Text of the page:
This week’s guest poster is author Viv Drewa, the Owl Lady. Check out her answers to these interview questions 🙂
with Viv Drewa
Q01 – When did you decide you wanted to become a writer?
When I was 9-years-old I read a book that made me want to be a writer. It was “The Whistling Sword” by James Robert Green. I was so impressed by how he used true people in fiction. I bought the book from a library that closed just to have it.
I have read enough books to find that fight scenes can be difficult to write. Some of the novels I have read had painful fight scenes that either had to be skipped completely or re-read just to figure out who was doing what, so this tutorial is an amalgamation of my thoughts on the best ways to do it.
First, let’s break this down into aspects to think about:
A quick note: I know it’s been quiet on the blog front, however the festive season is not easy for me. This includes the build up towards the holidays. It makes me very low and quite snarky so I tend to “shut down”. While I’m still not in the best mood, I am trying to bring some semblance of routine back to my life so on with the blogging.
Research is a big part of being a writer. You might have a wicked talent for creating characters, threading plot-lines and scoring dialogue but if you do no research then you work will probably have some holes.
Some writers love research, others hate it. I flash between the too depending on my mood.
Now, my personal rule is that any writer worth their salt who WANTS to be published someday has a good collection of reference books in their home or knows intricately the layout of the reference section in their local library.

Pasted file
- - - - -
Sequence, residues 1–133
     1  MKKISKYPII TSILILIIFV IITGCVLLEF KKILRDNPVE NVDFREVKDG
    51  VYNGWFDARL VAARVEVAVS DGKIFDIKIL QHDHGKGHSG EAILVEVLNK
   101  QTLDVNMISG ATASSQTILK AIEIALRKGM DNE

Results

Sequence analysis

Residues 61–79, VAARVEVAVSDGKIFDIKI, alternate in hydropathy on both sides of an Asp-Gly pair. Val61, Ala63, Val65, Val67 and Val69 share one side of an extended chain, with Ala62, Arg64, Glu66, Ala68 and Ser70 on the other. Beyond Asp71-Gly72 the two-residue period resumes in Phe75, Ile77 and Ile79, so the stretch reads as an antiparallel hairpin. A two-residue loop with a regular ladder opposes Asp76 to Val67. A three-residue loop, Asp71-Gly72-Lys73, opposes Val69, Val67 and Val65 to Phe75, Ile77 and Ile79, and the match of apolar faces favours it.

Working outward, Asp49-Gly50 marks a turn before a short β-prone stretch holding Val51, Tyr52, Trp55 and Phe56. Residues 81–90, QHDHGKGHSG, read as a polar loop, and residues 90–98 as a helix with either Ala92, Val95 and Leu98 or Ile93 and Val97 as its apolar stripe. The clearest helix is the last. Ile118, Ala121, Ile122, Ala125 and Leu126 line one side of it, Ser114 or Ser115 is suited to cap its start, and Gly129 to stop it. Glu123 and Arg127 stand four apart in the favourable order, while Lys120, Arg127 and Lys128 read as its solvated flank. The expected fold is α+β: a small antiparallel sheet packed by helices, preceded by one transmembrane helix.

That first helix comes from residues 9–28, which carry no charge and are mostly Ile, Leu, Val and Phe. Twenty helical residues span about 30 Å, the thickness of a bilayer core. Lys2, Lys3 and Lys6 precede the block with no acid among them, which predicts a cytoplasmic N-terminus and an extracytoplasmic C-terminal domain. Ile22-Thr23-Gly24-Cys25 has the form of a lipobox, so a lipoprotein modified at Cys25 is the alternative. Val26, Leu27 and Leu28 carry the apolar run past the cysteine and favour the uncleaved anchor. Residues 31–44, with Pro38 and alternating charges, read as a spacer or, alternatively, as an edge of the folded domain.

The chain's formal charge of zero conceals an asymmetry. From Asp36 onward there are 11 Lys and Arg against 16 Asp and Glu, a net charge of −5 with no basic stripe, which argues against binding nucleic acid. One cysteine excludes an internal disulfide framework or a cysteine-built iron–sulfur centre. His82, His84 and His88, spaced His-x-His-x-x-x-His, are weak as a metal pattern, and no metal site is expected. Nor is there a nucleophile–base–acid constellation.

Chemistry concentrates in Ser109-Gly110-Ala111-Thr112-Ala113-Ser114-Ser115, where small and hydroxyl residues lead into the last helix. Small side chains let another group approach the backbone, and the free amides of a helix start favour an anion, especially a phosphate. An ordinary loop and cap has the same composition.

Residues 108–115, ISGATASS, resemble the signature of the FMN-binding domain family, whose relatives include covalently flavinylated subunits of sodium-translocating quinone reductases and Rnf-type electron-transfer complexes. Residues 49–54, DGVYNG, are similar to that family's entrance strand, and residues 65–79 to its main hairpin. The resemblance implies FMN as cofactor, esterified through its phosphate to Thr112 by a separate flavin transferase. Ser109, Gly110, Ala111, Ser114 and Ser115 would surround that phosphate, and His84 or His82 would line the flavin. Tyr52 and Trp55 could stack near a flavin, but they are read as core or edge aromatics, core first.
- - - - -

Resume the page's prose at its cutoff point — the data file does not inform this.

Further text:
If you want to be a professional writer, a published writer then you can’t skimp on the research. So, unless you were born with a mass of knowledge on hundreds of subjects then you will need to read up on them. Not to mention things change especially in some subjects where improvements and developments replace original knowledge: for example Medicine, police procedures, technology etc.
Let’s continue with Getting Organised 🙂
There are many “Character Profile Templates” floating about and I will (eventually) add one of my own to the Free Printables section.
These can be useful but I must stress that you should not follow them too strictly as you progress with your writing.
They are good to start with, to get the “meat” of your characters down, but as your writing becomes more detailed you would be best to design your own character template. This way you will not end up with a lot of extra sections requiring information you don’t need.